“You can’t buy 10 percent of the farmland in Nebraska in three years if you set out to do it,” he said. Yet, he pointed out, he was able to buy the equivalent of 10 percent of I.B.M. in six to eight months as a result of the market’s liquidity. “The idea that people look at their holdings in such a way that that kind of volume exists means that to a great extent, it’s a casino game,” he said. Of course, unlike many investors, he plans to hold his stake in I.B.M. for years.
As we talked about the “good old days” — he spoke of some of his early friends who were successful hedge fund investors, like Julian Robertson, who founded Tiger Management — it became clear that he was less enamored of the investor class of the next generation.
When I asked, for example, if there were any private equity investors that he admired, he flatly replied: “No.”
When I asked if he followed any hedge fund managers, he struggled to name any, before saying that he liked Seth Klarman, a low-key value investor who runs the Baupost Group, based in Boston.
“They’re not as good as the old ones generally. The field has gotten swamped, so there’s so much money playing and people have been able to raise money by just saying ‘hedge fund,’” he said. “That was not the case earlier on; you really had to have some performance for some time before people would put money with you. It’s a marketing thing.”
Mr. Buffett says he now considered himself as much a business manager as an investor. “The main thing I’m doing is trying to build a business, and now we built one. Investing is part of it but it is not the main thing.”
Today, Mr. Buffett is particularly circumspect about the investment strategies that hedge funds employ, like shorting, or betting against, a company’s stock. He used to short companies as part of a hedging strategy when he ran his partnership, but now he says that he and Charlie Munger, his longtime friend and vice chairman of Berkshire, see it as too hard.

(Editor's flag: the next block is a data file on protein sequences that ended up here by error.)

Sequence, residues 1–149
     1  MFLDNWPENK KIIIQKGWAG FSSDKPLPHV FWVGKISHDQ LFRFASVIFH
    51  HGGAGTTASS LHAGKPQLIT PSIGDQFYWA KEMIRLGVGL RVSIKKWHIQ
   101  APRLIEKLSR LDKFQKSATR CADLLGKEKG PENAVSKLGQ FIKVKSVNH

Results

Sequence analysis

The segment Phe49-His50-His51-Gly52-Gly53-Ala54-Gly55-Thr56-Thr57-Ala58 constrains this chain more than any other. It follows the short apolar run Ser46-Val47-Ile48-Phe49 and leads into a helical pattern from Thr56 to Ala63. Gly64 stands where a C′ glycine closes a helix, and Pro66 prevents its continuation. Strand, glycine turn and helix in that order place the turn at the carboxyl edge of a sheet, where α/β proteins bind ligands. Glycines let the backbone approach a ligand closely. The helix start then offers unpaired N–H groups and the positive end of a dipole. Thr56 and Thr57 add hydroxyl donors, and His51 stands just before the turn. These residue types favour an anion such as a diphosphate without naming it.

“Charlie and I both have talked about it, we probably had a hundred ideas of things that would be good short sales. Probably 95 percent of them at least turned out to be, and I don’t think we would have made a dime out of it if we had been engaged in the activity. It’s too difficult,” he explained, suggesting that the timing of short investments is crucial. “The whole thing about ‘longs’ is, if you know you’re right, you can just keep buying, and the lower it goes, the better you like it, and you can’t do that with shorts.”
Read the full article here. There are some good insights there.
Mr. Roche is the Founder and Chief Investment Officer of Discipline Funds.Discipline Funds is a low fee financial advisory firm with a focus on helping people be more disciplined with their finances.
He is also the author of Pragmatic Capitalism: What Every Investor Needs to Understand About Money and Finance, Understanding the Modern Monetary System and Understanding Modern Portfolio Construction.